• At the ticket office: You can usually find a ticket office in most metro stations. You can pay with cash or card.
  • From the BKK Ticket vending machine: Most tram or bus stops, and metro stations, will have a purple ticket machine where you can buy tickets and passes any time of day. These accept both card and cash (even notes, you will get the change back in coins). All machines have the option to switch to an English language version.
  • From the bus driver: If you need to take a bus, you can buy tickets directly from the driver (tickets cost 450 forints), and you must pay in cash.
  • Via the Mobiljegy app: You can buy passes on the BKK mobile ticket app. You can read more about how this works on their website.


There are different bus services operating within Budapest. There are the standard blue buses and the red trolleybuses, which use overhead cables. While buses cross the city center, they are also best way to reach neighborhoods further into the suburbs, like the Buda Hills. Some buses require you to board at the front and show your ticket or pass to the driver. There are night bus services that run once the metro, tram, and regular buses shut down for the night.

BHÉV Suburban Train

There is a suburban train network, called the BHÉV, which takes you to the outer limits of the city and beyond. Most visitors will take the BHÉV to the town of Szentendre for the day. Your tickets and passes are valid on these within the city limits. However, if you are planning to go beyond, you’ll need an extension ticket you can buy from the ticket offices or the purple machines.

Airport Bus

The 100E airport bus offers a direct link to the city center, running between the airport to Kálvin tér and Deák Ferenc tér, and takes 40 minutes. Buses run every 10 to 20 minutes from 3:40 a.m. to 12:40 a.m. Single tickets cost 900 forints.


If you need a taxi, there are plenty of options. Never hail a cab from the street, as many companies are looking to scam foreign visitors, but call a reputable company like Főtaxi, City Taxi, or 6X6. Alternatively, you can also download the Bolt app and order a cab that way (if you’re used to Uber, Bolt operates more or less the same way).

BuBi Bike

Anyone can use this bike-sharing system. Just walk around the city and look out for the lime green BuBi bikes. They can be rented for 24 hours, 72 hours, seven days, or get longer-term passes. Once you’ve got your time ticket, you can use the bike for free for the first 30 minutes, after which you’ll be charged an additional 500 forints for every 30 minutes used. You can buy the tickets using a bank card from the touchscreen terminals at the docking station, or on the website. There is a deposit of 25,000 forints, which is returned when you return the bike.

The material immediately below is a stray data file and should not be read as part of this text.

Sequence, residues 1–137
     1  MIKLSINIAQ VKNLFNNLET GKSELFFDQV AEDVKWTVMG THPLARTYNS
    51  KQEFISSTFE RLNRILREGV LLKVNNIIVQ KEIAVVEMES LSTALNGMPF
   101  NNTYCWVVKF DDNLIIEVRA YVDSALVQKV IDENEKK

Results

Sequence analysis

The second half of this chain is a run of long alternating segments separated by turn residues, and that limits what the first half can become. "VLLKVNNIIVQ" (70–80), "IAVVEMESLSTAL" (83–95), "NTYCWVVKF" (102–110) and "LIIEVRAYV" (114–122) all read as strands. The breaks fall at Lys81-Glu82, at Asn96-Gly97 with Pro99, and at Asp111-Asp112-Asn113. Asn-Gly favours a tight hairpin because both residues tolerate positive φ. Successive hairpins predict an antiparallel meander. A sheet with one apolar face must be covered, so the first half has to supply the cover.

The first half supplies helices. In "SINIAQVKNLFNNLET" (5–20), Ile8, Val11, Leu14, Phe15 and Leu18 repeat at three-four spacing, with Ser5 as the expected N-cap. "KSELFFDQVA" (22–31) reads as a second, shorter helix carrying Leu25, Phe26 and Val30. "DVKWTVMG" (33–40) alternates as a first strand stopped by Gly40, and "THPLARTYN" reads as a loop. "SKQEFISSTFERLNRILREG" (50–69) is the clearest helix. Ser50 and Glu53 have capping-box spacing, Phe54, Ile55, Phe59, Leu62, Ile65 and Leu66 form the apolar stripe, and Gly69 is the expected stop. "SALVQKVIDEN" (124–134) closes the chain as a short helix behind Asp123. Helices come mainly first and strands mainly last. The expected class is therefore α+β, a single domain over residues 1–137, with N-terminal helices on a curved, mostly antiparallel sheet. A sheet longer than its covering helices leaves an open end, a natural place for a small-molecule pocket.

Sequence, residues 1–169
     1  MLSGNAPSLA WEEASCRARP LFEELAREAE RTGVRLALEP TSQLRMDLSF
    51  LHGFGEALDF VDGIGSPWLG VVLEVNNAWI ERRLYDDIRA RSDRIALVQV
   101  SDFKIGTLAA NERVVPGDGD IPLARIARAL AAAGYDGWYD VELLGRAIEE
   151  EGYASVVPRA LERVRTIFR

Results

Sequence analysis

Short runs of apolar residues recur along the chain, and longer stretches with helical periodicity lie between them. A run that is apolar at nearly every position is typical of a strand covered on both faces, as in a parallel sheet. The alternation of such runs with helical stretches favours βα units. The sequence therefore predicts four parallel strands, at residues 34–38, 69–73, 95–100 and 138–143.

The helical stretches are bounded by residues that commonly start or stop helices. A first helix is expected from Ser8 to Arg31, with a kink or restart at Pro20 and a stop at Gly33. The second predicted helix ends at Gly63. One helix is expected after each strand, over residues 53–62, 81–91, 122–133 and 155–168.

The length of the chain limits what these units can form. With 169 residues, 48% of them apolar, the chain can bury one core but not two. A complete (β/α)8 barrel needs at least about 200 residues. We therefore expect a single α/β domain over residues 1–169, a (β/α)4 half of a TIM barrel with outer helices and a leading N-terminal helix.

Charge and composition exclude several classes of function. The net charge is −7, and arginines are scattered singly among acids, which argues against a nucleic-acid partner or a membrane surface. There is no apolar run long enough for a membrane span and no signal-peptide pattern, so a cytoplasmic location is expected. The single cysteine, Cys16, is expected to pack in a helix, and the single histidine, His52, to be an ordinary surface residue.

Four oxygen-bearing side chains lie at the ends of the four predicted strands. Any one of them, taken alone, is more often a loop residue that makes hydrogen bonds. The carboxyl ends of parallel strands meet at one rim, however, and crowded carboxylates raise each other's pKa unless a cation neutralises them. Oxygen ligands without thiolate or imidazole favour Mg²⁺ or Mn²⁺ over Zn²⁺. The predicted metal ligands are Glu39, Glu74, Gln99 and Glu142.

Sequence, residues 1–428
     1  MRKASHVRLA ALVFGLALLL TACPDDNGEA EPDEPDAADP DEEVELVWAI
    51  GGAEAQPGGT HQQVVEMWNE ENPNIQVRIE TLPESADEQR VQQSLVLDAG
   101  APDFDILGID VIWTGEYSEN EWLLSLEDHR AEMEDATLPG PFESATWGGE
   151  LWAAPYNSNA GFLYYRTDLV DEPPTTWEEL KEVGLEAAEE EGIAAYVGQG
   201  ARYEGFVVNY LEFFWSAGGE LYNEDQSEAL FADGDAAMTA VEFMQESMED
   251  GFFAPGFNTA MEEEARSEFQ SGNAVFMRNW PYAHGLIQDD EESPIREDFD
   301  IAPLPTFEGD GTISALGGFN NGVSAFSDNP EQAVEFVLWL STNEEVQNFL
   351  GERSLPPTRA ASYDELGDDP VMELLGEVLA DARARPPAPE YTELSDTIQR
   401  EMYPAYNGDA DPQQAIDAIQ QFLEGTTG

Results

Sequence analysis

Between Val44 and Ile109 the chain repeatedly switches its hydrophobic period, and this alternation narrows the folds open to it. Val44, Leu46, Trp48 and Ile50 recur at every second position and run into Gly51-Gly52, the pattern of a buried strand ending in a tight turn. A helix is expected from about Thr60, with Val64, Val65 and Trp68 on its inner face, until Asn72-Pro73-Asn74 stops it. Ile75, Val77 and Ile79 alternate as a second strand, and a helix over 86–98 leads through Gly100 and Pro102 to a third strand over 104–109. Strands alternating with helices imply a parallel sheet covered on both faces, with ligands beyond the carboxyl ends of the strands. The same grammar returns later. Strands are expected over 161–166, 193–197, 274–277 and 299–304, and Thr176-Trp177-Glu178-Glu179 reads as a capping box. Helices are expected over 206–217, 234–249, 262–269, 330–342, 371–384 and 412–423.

The BKK Boat 

The best way to see Budapest is to go by boat, and if you’re on a budget, you can take the BKK boat service for a couple of dollars. Tickets on the boat cost 750 forints one way, and in the summer, some of the boat lines run from Kopaszi Gát to Római Part. In the winter, there are fewer services and shorter routes. You can see more about the boat services on the BKK website.

Tips for Getting Around Budapest 

Transport in Budapest is affordable and convenient, but you can make life a little easier by following a few tips. 

  • Validate and keep your ticket. If you are not using a pass, make sure you validate the ticket and keep it on you at all times. Sometimes plain clothes inspectors get on the tram or bus to check at random, and it’s also possible inspectors check tickets as you leave the metro. Getting caught without a valid ticket means a hefty fine and an unpleasant encounter that ruins your trip. 
  • Don’t travel at rush hour. The tram, metro, and bus buses can get pretty packed between 8 and 9 a.m., and between 5:30 p.m. and 7 p.m. Try to avoid traveling during those times if possible.
  • Keep an eye on your belongings. Budapest is generally a safe city, but like any capital, you have a risk of pickpockets. It’s possible to put your phone in your pocket for 30 seconds only to find it gone when you reach back in. 
  • Download the BKK App. The BKK Futár app will tell you when all modes of transport run to real time, and it can make it so much easier to plan your trip. 
  • Use Bolt if you need a taxi. Bolt is so easy to use, especially if you’re worried about the language barrier or getting taken advantage of. You can see your route in live time, get fare estimates, and see where your driver is while you wait.